Vegetarian's Japan Guide

Aomori Museum of Art – The Center of Art of Aomori

If you like to spend time in art galleries and museums, take a bus to the Aomori Museum of Art (青森県立美術館). The museum that is on the ground of the Sannai Maruyama Special Historical Site (三内丸山遺跡) is one of the top art museums in the northern Tohoku region (another facility that goes hand in hand with it is the Towada Art Center in Towada City).

Three out of the four stage background paintings of the ballet “Aleko” drawn by Marc Chagall are on permanent display (the painting for the 3rd scene is in the Philadelphia Museum of Art).

And the good news is that all four paintings are at the Aomori Museum of Art now! The painting of the 3rd scene will be there up until March 2023. So unless you are from the States, heading to the museum before the painting is returned will save you an air ticket!

Other collections in the museum include Japanese, Western, and contemporary artworks, with some having full of the artists’ individualities.

Tip: If you are carrying too many things, leave them in one of the museum’s lockers.

The Concept of the Designs of Aomori Museum of Art

Photo from photo-ac.com

The museum is a pure white building inspired by the excavation site of the Sannai Maruyama Site next door. The Aomori-born architect Aoki Jun (青木淳) designed the building, imaging the trenches of the excavation site, so when you walk around the museum, you will notice that parts of the space suddenly have a low ceiling.

Also, the white wall isn’t flat but uneven, just like how it is on the excavation site!. Apparently, around 430,000 white bricks were used to create his uneven surface.

Furthermore, some walls have a space between the wall and the ground, which is another design replicating the walls inside the Sannai Maruyama Site.

Throughout the museum, you will find that most things are colored in three colors. This applies to the uniforms that the staff wear as well!

The brown color is derived from the excavation site. The green is from the “Ao” (meaning green) of Aomori. Lastly, the white is imaging the white snow that covers the city in cold winter.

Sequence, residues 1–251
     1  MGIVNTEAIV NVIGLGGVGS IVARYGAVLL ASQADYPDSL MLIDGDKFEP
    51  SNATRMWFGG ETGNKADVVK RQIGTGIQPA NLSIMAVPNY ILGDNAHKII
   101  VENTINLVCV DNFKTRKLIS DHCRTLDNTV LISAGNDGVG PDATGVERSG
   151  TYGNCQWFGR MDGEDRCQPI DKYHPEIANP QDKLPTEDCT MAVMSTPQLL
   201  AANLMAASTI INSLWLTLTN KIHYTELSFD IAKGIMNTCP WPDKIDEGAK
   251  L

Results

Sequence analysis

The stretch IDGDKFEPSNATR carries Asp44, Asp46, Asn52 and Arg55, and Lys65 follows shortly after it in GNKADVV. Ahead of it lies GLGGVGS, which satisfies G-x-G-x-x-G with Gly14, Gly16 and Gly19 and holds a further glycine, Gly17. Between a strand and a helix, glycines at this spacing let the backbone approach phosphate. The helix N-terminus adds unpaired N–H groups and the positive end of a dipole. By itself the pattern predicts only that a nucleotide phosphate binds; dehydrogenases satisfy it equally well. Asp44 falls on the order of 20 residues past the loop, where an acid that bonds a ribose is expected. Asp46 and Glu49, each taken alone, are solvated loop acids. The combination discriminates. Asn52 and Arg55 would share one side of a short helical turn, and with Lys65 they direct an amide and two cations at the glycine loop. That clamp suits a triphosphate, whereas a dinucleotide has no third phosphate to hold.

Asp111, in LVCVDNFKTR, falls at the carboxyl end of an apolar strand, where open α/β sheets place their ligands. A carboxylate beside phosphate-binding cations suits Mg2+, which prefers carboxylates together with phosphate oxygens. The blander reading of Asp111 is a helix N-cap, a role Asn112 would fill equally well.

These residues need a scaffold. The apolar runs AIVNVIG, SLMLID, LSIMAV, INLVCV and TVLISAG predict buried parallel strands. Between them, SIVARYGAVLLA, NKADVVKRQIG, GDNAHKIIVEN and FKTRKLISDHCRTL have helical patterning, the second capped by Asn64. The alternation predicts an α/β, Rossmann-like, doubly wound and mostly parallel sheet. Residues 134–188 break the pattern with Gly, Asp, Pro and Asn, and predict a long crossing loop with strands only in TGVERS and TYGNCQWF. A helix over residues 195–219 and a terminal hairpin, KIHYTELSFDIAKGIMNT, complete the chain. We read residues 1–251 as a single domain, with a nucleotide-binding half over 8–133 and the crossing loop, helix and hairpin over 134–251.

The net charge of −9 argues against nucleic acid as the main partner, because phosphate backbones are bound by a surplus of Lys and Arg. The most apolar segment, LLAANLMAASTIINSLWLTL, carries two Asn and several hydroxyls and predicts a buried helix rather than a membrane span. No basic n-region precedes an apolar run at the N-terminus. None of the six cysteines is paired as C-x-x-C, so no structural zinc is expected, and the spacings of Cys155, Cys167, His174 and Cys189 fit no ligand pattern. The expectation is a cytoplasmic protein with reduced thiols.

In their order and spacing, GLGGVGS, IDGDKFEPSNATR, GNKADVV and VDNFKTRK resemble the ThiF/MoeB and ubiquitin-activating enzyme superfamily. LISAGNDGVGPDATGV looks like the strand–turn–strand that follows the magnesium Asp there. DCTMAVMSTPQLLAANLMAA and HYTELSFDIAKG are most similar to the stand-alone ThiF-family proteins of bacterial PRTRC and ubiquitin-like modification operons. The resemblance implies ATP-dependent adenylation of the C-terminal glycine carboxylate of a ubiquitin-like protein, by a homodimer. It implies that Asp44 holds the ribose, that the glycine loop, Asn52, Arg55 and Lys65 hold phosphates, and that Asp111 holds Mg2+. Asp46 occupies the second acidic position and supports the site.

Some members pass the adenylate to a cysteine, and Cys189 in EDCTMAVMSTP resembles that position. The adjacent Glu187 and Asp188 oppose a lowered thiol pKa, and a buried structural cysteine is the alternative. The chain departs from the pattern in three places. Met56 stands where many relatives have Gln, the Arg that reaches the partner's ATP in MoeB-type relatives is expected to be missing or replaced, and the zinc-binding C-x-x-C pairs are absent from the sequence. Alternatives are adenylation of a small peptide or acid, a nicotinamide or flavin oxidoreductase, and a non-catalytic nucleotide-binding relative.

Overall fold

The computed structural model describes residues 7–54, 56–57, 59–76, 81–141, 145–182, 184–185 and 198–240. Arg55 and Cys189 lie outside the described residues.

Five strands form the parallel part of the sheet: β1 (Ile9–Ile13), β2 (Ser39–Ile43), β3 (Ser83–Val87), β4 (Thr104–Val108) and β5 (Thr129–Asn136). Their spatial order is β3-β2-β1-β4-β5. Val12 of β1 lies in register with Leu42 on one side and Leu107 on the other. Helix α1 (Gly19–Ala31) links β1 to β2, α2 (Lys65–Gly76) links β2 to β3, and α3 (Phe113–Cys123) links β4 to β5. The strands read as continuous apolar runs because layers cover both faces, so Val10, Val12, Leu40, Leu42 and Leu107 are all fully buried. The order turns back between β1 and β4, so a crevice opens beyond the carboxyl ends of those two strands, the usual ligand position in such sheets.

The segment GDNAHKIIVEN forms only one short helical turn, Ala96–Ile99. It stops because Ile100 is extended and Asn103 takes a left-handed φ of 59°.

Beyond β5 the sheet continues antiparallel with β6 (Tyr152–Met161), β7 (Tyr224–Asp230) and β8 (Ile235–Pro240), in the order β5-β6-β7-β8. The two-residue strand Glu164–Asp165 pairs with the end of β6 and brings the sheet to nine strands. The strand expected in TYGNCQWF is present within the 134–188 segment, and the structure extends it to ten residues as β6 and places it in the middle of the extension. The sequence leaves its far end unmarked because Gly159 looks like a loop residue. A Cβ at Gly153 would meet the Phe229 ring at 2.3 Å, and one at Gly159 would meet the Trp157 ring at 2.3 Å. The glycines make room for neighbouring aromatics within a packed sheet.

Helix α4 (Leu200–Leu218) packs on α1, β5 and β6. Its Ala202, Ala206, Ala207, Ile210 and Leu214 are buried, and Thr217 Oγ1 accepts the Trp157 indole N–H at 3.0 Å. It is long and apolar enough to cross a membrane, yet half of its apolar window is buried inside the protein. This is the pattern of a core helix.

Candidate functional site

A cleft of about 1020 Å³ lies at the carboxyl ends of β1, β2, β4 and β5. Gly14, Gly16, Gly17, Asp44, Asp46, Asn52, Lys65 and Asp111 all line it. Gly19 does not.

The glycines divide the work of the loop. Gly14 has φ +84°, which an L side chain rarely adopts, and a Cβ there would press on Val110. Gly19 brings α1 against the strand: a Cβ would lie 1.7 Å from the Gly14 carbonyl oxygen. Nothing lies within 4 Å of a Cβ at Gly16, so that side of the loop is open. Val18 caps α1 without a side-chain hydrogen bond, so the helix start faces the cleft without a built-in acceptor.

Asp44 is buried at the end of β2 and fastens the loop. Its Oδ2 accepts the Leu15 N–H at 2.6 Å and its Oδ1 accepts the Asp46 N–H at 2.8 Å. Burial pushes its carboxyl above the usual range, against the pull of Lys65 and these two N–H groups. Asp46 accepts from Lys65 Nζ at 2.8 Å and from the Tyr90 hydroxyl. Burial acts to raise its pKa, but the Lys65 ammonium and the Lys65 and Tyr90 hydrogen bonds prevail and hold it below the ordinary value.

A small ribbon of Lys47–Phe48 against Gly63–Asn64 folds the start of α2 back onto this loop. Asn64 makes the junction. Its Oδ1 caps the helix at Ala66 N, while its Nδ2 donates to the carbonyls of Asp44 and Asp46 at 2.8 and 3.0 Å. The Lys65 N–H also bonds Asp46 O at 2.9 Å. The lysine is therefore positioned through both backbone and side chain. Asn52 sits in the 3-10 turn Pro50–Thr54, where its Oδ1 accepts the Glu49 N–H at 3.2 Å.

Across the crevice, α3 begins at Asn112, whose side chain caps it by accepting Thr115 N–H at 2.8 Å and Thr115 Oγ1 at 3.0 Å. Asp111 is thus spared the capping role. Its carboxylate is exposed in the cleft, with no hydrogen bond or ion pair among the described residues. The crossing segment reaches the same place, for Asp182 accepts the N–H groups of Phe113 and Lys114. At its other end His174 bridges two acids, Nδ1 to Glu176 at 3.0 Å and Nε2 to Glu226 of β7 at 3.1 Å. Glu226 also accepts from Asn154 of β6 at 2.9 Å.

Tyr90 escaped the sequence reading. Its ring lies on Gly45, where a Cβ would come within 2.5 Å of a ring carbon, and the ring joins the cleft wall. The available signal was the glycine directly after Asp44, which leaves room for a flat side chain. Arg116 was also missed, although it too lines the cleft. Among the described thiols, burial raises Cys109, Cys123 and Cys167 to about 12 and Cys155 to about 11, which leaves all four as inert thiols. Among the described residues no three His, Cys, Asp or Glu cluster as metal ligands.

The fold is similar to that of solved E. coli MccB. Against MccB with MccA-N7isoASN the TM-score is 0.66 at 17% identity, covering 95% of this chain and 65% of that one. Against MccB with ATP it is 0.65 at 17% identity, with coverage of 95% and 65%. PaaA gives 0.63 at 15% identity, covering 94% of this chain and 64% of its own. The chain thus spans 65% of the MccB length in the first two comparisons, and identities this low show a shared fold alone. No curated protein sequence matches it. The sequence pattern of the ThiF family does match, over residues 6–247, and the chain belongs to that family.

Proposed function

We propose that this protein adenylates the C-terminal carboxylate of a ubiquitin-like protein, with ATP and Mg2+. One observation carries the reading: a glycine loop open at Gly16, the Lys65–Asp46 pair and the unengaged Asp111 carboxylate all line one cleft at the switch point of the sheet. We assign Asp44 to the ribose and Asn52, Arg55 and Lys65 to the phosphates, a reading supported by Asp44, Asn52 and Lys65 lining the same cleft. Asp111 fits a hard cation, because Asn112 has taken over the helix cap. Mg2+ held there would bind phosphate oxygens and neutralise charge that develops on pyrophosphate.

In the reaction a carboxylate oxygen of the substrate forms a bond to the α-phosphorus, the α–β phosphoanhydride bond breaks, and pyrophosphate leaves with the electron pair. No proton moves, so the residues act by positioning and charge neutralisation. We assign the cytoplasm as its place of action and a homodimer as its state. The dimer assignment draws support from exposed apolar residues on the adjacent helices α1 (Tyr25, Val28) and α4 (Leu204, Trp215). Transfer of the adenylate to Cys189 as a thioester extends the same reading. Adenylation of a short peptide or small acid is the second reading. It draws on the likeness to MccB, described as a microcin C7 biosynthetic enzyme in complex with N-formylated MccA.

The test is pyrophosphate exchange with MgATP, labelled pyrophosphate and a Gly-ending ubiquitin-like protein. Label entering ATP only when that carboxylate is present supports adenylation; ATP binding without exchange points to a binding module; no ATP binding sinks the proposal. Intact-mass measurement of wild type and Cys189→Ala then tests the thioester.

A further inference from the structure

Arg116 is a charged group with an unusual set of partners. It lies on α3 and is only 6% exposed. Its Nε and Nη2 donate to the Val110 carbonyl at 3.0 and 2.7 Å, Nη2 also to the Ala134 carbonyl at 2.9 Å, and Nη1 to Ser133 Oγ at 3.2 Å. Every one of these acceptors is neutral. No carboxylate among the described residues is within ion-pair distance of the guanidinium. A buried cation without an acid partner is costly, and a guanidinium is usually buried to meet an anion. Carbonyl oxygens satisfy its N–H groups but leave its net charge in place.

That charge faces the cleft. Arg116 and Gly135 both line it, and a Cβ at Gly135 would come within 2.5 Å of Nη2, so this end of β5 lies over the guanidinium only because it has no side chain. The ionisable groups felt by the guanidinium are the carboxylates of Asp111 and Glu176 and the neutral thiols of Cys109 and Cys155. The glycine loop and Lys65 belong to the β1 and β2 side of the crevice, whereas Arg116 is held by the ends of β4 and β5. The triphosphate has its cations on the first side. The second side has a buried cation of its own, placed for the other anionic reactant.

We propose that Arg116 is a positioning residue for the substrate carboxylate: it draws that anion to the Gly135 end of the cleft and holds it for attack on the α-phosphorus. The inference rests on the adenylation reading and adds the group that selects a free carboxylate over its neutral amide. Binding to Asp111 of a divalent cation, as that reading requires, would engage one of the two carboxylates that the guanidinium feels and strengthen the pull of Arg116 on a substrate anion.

On the white wall at the entrance, you might notice some green neon tubes on the wall forming the shape of trees. These marks are a visual version of “Aomori”, which means a forest with green trees. You might also say the marks look like an “A”. That is correct as well. They are representing the “A” of Aomori!

The Symbol of Aomori Museum of Art

At Aomori Museum of Arts, what you can’t miss out on is the spectacular 8.5-meter tall statue – Aomori-ken (あおもり犬), which means the Aomori dog. Don’t just look at it through the window; head out and look!

There is a passage built just for this artwork created by Nara Yoshimoto (奈良美智) that connects you to this large but somewhat cute white dog! To get closer to the dog, take the Aomori-ken Connecting Passage (あおもり犬連絡通路) that will be at your right when you face the dog.

Important: The passage is closed in the snow season.

At the south of the museum in the Hakkakudō (八角堂), a second giant statue called Miss Forest (森の子) is on display in December 2016 to commemorate the 10th anniversary of the Aomori Museum of Art. The statue in the shape of a little girl is taller than 6 meters. Additionally, like the Aomori dog, the girl’s appearance differs depending on the season, weather, and the time of the day.

The museum also has special exhibitions and events taking place regularly. To know what is on, please refer to their website HERE.

Where to Head to if You Get Hungry

The museum also has a cafe called Four Cats (4匹の猫). There are a few light meal options that should be vegetarian-friendly. But as the menu does change over time, when you get there, please utilize the phrases in our Essential Japanese Travel Phrases for Vegetarians and Vegans article to confirm with the staff.

Important: The curry served in the cafe contains chicken.

Aomori Museum of Art’s Opening Hours, Admission Fees, and Access Information

  • For information about the museum’s opening hours and admission fees, please refer to HERE
    • For a visual calendar showing when the museum won’t open, please refer to their Japanese website HERE and scroll down to the end
    • The museum won’t open on the days that are marked as “休館日”
  • From JR Aomori Station bus stop no. 6, take Aomori City Bus (青森市営バス) bound for Sannai Maruyama Iseki (三内丸山遺跡) and get off at Kenritsu Bijutsukan-mae (県立美術館前)
    • Please refer to the museum’s Japanese website HERE for the service’s timetable. The first table is for services departing for the museum. The second table is for services heading back to the station
  • From JR Shin-Aomori Station (新青森駅), take Nebutan-gō (ねぶたん号) and get off at Kenritsu Bijutsukan-mae (県立美術館前)
    • HERE is the timetable for the service

Important: If you are taking a bus, keep an eye on the time as sometimes the gap between two services can be as long as an hour.

Find out Where Else to Go in Aomori

Nebuta-Museum-WA-RASSE-Aomori-Japan
Click the photo to find out more about the fascinating attractions in the city!

Aomori City, the capital of Aomori Prefecture, has a wealth of beautiful nature, such as the Hakkōda mountain ranges and Mutsu Bay. Stunning scenery can be adorned throughout the year. In fall, it is the time to find out your favorite kinds of apples!

The city also has a couple of cultural heritages for you to enjoy a different side of Japanese culture.

For more information, please refer to our article on Aomori!

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